Still, $2.94 a gallon is a 44 cent drop from the outlook issued just a month ago; and that’s 45 cents a gallon less than the average price paid this year. And that works out to about $60 billion in savings. It’s almost like everybody will be getting a raise.
Lord knows we need a raise. This is the first “recovery” where median household income has dropped, and continues to drop. The unemployment rate has dropped to 5.8%. Jobs are coming back but wages aren’t. Every month the job numbers grow but the wage numbers go nowhere. Most new jobs are in part-time or low-paying positions. They pay less than the jobs lost in the Great Recession. And wages are less predictable. Most Americans don’t know what they’ll be earning next month and two-thirds are living paycheck to paycheck. When that is the case, workers who have a job tend to stay on the job, even if the wages are stagnant.
That may be changing. The Bureau of Labor Stats published the Job Openings and Labor Turnover Summary, or JOLTS, for September. There were 4.7 million job openings on the last day of September, down slightly from 4.9 million in August. But more employees quit their jobs: 2.8 million in September compared to 2.5 million in August. These are voluntary separations. This means workers have confidence they can leave their job for greener pastures. The number of job openings are up 20% year-over-year compared to September 2013. Quits are up 16% year-over-year.
It’s definitely good for wages. The unemployment rate comes down, but wage growth lags behind. When labor markets finally begin to tighten and the economy nears full employment, that’s when wage growth accelerates. And we are starting to see a shift in attitudes. Consumer confidence has been firming. More Americans are working, more people are changing jobs, and gasoline prices are down; so even if workers haven’t seen an increase in the paycheck, they have more money to spend, and that might fire up more consumer spending.
We are wrapping up earnings reporting season. Today, Walmart posted diluted earnings per share came to $1.15 in the third quarter, narrowly beating estimates of $1.12 a share, and above the $1.14 it booked in the same quarter last year. Total revenue for the quarter grew 2.9 percent from the previous year, to $119 billion. Same store sales were up for the first time in 2 years.
This has been another strong earnings season and US companies are now sitting on mountains of cash. Capital Economics and Audit Analytics figures companies now have $1.9 trillion in cash held in the US, and $2.1 trillion in cash held offshore.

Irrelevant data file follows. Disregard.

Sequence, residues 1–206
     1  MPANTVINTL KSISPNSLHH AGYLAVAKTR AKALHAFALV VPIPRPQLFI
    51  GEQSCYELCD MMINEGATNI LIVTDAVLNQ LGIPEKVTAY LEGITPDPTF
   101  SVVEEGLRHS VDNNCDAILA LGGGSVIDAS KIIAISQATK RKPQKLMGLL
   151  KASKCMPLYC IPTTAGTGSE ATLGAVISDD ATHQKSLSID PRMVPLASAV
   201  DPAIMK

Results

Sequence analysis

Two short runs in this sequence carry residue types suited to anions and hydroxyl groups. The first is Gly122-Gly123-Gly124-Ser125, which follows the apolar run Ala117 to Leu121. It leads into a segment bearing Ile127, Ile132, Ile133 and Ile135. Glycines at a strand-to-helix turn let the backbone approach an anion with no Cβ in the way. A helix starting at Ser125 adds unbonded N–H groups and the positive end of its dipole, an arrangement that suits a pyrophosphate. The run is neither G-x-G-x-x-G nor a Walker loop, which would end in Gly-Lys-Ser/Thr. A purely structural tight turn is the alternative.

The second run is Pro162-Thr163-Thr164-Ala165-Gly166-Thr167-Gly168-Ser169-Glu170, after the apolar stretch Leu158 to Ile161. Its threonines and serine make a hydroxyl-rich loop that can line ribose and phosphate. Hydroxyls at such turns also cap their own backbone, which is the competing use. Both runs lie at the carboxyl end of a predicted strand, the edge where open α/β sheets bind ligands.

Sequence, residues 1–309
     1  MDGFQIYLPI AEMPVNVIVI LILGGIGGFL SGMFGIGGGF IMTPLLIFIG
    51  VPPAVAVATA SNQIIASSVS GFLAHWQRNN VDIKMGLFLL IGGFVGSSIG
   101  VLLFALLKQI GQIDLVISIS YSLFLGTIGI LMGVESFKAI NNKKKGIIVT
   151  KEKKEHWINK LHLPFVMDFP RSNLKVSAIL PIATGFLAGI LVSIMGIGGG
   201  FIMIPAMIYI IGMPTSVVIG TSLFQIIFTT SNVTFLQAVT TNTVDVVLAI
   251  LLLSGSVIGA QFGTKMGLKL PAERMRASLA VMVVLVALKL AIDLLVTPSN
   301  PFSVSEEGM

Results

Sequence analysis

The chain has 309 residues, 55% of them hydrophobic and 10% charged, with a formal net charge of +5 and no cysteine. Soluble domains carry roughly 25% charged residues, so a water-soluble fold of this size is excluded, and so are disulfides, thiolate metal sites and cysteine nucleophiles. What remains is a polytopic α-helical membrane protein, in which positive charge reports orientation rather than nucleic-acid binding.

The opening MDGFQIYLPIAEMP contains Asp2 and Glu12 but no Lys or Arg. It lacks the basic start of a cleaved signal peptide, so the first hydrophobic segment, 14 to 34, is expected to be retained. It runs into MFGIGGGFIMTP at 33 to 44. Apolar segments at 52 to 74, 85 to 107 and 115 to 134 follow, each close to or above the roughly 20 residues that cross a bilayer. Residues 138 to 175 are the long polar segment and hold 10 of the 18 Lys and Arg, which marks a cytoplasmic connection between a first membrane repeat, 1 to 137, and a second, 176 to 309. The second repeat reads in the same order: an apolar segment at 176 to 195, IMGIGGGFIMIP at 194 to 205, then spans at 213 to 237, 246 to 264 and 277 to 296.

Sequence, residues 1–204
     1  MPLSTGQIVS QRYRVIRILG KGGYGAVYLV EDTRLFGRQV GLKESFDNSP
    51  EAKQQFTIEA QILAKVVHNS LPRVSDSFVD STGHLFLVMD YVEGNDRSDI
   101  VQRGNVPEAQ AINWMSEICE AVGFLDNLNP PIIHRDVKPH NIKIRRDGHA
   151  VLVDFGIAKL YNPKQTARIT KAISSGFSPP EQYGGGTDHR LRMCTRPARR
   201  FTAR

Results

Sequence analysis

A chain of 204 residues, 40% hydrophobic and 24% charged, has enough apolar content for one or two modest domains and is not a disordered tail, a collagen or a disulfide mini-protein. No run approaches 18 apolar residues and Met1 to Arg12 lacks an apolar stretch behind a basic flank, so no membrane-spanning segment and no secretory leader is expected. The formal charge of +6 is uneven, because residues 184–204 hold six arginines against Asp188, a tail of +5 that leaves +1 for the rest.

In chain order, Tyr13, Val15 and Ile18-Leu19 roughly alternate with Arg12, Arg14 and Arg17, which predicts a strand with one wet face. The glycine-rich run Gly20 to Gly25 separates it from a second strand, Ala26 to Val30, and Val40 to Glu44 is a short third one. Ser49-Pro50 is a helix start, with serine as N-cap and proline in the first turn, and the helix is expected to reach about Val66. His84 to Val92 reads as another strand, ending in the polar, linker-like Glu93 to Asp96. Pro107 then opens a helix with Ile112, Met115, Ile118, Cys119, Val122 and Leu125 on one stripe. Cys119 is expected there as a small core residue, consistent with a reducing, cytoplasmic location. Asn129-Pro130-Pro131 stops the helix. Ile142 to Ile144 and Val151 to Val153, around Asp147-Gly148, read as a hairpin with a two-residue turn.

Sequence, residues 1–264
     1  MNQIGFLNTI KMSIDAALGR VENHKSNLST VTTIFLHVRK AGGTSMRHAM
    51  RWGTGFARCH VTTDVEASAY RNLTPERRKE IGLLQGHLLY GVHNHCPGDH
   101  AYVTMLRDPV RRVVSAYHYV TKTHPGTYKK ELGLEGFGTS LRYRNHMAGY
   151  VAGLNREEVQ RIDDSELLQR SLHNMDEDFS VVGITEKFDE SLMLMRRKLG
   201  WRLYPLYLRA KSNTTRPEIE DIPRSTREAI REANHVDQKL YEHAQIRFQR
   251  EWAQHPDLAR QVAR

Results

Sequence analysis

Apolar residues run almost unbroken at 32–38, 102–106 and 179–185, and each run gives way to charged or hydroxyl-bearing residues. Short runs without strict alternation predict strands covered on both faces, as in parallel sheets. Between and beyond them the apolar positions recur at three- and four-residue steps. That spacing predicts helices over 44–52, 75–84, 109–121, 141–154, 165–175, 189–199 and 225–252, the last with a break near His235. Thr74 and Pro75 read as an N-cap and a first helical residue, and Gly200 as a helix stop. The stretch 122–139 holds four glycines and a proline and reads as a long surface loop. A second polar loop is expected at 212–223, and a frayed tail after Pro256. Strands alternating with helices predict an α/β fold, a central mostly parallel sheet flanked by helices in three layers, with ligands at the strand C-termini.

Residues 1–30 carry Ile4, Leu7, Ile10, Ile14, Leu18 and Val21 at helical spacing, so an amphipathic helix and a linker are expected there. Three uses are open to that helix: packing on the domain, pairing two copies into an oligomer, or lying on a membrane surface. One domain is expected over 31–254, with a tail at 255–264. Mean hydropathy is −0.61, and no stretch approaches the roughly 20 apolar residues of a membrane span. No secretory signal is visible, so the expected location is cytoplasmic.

A follow-up to yesterday’s news of $4.25 billion in fines for a half dozen banks involvement in rigging the foreign exchange markets. I know that sometimes it sounds like we repeat the news. The rigging of Forex markets sounds a lot like the rigging of Libor markets or derivatives markets, but the thing that really makes the Forex rigging a bigger problem is that it happened after all those other manipulations. The Forex investigations ran through October of last year. And that means there was absolutely zero deterrent impact from the billions of dollars in fines for Libor, or all those other fines. Did managements really not know, or even suspect, something was wrong? Did they just turn a blind eye? Or did they just not care?
In a rational world, the customers would move their business to firms with higher standards. That is not going to happen because investment banking is almost a closed shop. The six firms involved in the settlement are five of the biggest banks in the world. Clearly billion dollar fines have not altered bad behavior. No doubt criminal convictions would concentrate minds on the trading floor and in the executive suites. Maybe we should rethink the idea that banks have some inalienable right to control foreign exchange markets or interest rate markets with reckless abandon. Six years after the financial crash, some of the world’s biggest banks are still out of control. In other fields, firms with shoddy practices fear the loss of their license to operate. Big banks don’t, but should. At the very least, it should be time to consider suspensions; a six month ban on foreign exchange trading; maybe a three month ban on bond trading. That would shake things up, for the better.